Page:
A federal law (OBRA) enacted in 1987 established a survey and inspection process for nursing homes which required the facilities to meet certain standards of care. The Center for Medicare and Medicaid Services (CMS) has responsibility for enforcing these standards but delegates the inspection and survey process to the various states. The problem: states are not doing a good job of conducting unannounced surveys and punishing those facilities which repeatedly provide substandard to care to its elderly residents.
Why do the states fail to police the nursing homes? Maybe it has something to do with money! Nursing home companies invest heavily in local and state politicians to ensure the failure to pass legislation unfavorable to the industry and to buy protection against fines and penalties levied by state officials, according to a September 2006 report by Consumer Reports. For example, the Virginia Health Care Association (an organization of nearly 300 licensed nursing and assisted living facilities) gave over $200,000 to state candidates in 2005 according to followthemoney.org (a national nonpartisan, nonprofit organization). Moreover, Medical Facilities of America, Inc. and its affiliated companies and owners (the largest owner of nursing home beds in Virginia) contributed almost $60,000 to local politicians. The remainder of individuals/companies aligned with the nursing home industry contributed $46,000. That means over $300,000 in 2005 alone!
What do the nursing homes get in return for their cash contributions? According to Consumer Reports, the contributions “gives facilities the confidence to push back in so many ways, like appealing citations and sanctions because they know that state legislators tend to be very protective of homes in their districts,” says Iris Freeman, with Advocacy Strategy, a Minneapolis firm that works with community groups on behalf of the elderly and disabled. To verify these allegations one only need to look at a 2005 Report from the Office of Inspector General entitled: “Nursing Home Enforcement: The Use of Civil Money Penalties.” The report analyzed all cases in 2000 and 2001 in which a civil money penalty was imposed upon a nursing home for poor resident care. The findings: nursing homes paid only 42% of the penalty initially imposed due to reductions authorized by the states and delays in collecting payments. Many of the worst offenders never get fined to begin with. Consumer Reports concluded that, nationally, only 55% of the facilities that could have received a monetary penalty actually did.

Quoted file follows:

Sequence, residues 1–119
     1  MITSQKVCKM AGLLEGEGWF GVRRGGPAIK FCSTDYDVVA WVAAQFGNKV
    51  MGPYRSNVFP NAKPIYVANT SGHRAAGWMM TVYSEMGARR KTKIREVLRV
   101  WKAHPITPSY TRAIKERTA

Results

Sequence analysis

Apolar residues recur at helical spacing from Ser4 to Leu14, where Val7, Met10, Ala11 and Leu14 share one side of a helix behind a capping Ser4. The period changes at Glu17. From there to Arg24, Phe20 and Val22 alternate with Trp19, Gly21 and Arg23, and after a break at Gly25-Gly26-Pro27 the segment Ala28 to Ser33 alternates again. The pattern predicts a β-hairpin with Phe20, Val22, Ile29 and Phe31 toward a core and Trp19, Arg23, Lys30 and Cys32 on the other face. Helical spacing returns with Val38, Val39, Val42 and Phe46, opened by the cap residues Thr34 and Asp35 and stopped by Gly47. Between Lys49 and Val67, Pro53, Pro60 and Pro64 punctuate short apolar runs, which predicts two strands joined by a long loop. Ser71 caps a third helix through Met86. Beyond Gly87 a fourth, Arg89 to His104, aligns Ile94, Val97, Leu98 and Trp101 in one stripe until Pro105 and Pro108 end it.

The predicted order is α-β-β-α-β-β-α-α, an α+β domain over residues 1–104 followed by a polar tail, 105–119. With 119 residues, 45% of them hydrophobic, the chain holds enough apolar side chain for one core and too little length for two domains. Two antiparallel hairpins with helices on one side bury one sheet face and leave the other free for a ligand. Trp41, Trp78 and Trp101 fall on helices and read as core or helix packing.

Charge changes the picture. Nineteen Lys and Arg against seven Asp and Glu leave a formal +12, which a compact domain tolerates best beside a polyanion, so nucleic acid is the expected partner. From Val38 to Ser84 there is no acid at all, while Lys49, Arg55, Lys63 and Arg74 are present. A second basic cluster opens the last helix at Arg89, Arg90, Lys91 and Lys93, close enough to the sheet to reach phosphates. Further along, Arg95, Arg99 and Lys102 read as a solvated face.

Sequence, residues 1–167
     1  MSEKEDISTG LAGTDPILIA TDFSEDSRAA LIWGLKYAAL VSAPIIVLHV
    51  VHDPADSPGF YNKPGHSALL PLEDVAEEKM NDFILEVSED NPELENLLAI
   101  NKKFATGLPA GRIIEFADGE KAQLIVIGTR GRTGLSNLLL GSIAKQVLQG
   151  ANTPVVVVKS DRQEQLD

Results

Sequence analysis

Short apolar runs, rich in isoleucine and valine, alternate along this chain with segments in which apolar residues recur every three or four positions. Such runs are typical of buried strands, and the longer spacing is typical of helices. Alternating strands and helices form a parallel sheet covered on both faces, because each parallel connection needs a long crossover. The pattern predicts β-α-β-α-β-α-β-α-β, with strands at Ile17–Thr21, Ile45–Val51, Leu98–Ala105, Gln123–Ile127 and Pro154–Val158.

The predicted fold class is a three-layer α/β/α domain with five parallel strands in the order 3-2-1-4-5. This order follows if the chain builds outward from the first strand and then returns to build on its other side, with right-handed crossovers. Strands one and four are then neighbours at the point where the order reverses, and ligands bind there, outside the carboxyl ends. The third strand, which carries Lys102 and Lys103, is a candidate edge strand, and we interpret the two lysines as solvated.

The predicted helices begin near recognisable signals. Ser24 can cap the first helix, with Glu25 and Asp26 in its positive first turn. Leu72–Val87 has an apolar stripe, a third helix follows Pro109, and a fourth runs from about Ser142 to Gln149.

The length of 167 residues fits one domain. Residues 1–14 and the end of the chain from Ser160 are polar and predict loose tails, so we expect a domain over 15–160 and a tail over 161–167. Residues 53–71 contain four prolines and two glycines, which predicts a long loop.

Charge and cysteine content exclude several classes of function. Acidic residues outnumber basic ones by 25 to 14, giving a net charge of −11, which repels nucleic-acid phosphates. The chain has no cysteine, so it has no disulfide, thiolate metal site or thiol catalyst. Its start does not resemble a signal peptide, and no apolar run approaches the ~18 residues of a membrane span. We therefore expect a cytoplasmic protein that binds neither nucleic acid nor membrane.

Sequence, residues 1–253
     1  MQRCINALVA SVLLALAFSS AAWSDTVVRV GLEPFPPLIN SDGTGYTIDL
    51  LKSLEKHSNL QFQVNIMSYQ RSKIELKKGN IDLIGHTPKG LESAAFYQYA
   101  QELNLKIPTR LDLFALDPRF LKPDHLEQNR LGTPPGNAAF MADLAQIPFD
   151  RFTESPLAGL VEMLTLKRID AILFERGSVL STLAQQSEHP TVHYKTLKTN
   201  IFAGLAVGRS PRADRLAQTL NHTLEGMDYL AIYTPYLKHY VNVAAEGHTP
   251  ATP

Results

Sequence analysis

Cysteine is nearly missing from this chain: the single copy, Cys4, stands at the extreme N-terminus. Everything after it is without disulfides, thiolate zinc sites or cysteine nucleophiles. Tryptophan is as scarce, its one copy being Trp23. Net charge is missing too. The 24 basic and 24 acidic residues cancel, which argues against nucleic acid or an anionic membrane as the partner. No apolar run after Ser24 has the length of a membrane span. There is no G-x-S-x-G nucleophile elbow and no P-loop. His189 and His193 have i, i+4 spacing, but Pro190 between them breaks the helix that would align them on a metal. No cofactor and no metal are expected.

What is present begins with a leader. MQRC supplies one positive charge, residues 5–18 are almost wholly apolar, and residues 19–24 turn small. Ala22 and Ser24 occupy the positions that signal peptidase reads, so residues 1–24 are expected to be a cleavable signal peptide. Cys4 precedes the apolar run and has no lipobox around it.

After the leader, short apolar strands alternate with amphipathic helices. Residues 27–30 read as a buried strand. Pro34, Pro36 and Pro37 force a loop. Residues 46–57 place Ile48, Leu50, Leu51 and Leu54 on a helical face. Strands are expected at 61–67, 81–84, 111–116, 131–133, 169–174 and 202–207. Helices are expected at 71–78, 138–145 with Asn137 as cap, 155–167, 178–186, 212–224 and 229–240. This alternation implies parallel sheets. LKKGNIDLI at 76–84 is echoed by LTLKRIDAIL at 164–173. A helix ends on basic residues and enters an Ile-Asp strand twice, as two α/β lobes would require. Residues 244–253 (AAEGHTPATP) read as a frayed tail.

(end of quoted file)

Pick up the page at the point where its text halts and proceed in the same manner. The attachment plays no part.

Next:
As the saying goes, “Money Talks and B…S…Walks!